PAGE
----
To make a DIY flash diffuser for macro photography
Time: 30 minutes
Skill level: Beginner
Kit needed: DSLR with pop-up flash, close-focusing lens, crisps can, tissue paper, rubber bands
Missed the earlier parts of this feature?
- How to use flash: Part 1 (opens in new tab)
- How to use flash: Part 2 (opens in new tab)
- How to use flash: Part 3 (opens in new tab)
- How to use flash: Part 4 (opens in new tab)
- How to use flash: Part 5 (opens in new tab)
- How to use flash: Part 6 (opens in new tab)
- How to use flash: Part 7 (opens in new tab)
We’ve covered a lot of ground so far in this series of article on flash, but in Part 8 we’re taking it back to basics with a cheap lighting trick for great macro photos.
You can lock away your light stand and flashgun for this; all you need is your camera’s pop-up flash, an empty crisp can and a bit of tissue paper.
You’ll also need very basic DIY skills – we’ll be getting crafty with scissors and cutting the can down to size before fixing it to your camera with rubber bands – but the quality of light that’s funnelled onto the subject is worth the minimal effort involved.
Step by step: Funnel your flash
1. Set up your camera
Turn your camera to the Manual exposure mode and press the flash button. On some cameras you’ll need to keep the button depressed and then scroll the sub-command dial until you reach standard flash mode. Use the command dial to drop the flash power to -1EV stop.
Find a can which is silver on the inside, as this will reflect the light, rather than absorb it, making for a more powerful flash.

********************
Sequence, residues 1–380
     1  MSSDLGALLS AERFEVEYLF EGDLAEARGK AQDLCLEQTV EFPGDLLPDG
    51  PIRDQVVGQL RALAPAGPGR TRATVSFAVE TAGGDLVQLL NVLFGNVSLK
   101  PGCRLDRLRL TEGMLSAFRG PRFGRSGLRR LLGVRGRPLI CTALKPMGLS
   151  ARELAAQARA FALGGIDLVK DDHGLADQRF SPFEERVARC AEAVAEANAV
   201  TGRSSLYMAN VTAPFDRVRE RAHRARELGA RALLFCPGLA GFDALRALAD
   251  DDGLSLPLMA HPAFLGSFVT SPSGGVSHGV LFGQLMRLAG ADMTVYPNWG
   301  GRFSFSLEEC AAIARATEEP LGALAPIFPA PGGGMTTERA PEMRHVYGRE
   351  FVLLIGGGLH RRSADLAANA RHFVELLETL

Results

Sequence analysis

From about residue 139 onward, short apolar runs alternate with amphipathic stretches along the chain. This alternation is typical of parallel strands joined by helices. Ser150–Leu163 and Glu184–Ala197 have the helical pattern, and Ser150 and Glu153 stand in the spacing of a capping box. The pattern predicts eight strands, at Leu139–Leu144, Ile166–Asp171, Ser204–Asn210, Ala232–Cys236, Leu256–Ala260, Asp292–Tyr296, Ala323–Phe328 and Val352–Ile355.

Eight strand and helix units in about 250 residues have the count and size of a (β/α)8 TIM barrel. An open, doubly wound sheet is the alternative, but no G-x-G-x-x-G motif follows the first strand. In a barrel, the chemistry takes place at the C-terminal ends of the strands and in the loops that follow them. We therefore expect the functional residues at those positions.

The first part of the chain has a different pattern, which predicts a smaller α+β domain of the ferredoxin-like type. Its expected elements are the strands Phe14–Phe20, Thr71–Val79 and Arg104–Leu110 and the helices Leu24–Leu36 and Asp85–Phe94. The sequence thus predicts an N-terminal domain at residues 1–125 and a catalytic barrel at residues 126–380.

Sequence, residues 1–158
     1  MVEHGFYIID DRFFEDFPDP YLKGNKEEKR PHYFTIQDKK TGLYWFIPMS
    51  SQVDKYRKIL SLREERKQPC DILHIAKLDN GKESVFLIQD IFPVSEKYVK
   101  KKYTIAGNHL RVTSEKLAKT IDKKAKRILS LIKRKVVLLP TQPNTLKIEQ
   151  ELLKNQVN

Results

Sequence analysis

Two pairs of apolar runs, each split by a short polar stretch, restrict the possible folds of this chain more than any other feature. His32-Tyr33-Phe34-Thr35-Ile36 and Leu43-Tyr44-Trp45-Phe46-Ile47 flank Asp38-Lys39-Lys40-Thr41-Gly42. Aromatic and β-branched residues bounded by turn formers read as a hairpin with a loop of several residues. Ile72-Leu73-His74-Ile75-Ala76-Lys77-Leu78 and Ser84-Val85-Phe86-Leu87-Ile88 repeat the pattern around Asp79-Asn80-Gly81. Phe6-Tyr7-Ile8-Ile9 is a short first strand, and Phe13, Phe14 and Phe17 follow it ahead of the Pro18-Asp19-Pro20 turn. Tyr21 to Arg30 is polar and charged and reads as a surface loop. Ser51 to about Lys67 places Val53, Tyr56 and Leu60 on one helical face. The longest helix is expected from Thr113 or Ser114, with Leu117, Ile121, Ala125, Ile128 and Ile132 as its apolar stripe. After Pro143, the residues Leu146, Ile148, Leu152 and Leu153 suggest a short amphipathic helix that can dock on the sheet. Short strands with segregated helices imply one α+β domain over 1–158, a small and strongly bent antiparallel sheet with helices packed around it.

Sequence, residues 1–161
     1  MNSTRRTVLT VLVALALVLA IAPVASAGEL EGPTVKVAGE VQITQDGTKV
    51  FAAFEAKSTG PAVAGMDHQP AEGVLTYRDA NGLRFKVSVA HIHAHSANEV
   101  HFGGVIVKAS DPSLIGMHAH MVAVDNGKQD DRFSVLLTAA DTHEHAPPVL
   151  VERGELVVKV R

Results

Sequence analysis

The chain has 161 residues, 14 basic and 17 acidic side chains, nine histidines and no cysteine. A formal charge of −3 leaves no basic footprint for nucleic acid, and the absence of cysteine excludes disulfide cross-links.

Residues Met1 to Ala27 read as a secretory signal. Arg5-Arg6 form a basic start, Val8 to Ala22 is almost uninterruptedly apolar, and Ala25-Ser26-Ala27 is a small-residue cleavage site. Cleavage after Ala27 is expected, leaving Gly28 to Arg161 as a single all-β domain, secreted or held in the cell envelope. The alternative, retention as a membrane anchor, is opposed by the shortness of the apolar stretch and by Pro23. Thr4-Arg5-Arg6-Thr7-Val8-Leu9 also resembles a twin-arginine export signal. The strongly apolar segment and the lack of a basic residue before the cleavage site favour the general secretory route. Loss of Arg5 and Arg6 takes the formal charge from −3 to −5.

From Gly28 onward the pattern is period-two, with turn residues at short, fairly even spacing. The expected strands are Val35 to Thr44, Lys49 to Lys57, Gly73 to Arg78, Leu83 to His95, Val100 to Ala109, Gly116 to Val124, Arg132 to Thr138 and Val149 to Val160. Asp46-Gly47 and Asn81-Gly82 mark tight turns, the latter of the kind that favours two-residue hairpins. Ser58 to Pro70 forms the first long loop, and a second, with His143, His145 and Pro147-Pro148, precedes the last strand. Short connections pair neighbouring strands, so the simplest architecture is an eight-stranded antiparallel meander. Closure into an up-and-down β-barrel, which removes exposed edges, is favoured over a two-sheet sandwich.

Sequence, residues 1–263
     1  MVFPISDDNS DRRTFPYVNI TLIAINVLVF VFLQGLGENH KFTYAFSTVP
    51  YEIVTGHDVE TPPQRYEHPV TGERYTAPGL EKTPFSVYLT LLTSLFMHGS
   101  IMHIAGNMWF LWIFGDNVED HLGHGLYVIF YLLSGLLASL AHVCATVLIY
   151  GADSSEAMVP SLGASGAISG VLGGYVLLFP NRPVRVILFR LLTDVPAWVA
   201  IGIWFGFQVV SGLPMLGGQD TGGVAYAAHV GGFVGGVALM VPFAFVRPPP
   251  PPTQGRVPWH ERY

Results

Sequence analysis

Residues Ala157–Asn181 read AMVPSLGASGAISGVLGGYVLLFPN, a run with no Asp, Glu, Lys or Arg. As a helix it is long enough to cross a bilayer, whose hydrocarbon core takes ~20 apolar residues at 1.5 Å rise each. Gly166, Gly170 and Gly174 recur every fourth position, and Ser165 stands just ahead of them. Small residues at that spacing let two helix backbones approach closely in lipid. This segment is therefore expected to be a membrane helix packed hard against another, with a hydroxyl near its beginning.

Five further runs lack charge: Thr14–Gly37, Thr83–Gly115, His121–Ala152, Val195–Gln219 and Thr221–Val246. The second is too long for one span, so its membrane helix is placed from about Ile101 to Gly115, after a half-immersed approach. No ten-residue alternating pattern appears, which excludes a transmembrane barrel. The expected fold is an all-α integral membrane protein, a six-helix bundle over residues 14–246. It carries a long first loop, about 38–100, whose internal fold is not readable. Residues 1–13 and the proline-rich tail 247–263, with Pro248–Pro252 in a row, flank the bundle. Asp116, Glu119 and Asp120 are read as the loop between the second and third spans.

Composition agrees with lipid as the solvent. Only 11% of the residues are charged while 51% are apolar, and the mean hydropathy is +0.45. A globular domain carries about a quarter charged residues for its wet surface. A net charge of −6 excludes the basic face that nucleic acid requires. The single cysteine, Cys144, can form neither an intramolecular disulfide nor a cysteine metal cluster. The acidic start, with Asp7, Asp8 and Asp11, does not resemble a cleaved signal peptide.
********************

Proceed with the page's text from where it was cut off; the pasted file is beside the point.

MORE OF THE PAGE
2. Shape the can
Offer up your crisps can to the pop-up flash and see which bits you need to cut for it to fit around the unit while it’s raised up. Mark the shape with a pen before cutting it to size. Cut the front off at an angle so that the light is forced down across the area in front of the lens.
3. Add tissue paper
Use tissue paper taped across the angled cut to diffuse the light and soften shadows. Don’t use too many layers or the flash power will be significantly reduced and you won’t be able to light the subject properly. If you want something more robust, try a shower curtain cut to size.
4. Attach your diffuser
Make holes in the can with scissors and poke rubber bands through them to strap the can around your camera. Using rubber bands makes it easy to take the can off when you want to shoot something other than a close up, as we did while walking around this forest.
Set your white balance to ‘flash’ for accurate colour reproduction
5. Get in close
With a macro lens on the camera, set an aperture of f/11 or f/16. Depth of field gets shallower as you focus closer, but a small aperture counteracts this a little. We’re using a sensitivity of ISO 1250 and a shutter speed of 1/80sec to ensure that the background that’s not lit by the flash is visible.
6. Experiment with composition
Try a different composition by turning your camera vertically, something that often suits tall, thin subjects. If you’re photographing delicate subjects such as fungi, be aware of how close your makeshift diffuser is. The last thing you want to do is bump into them and cause damage.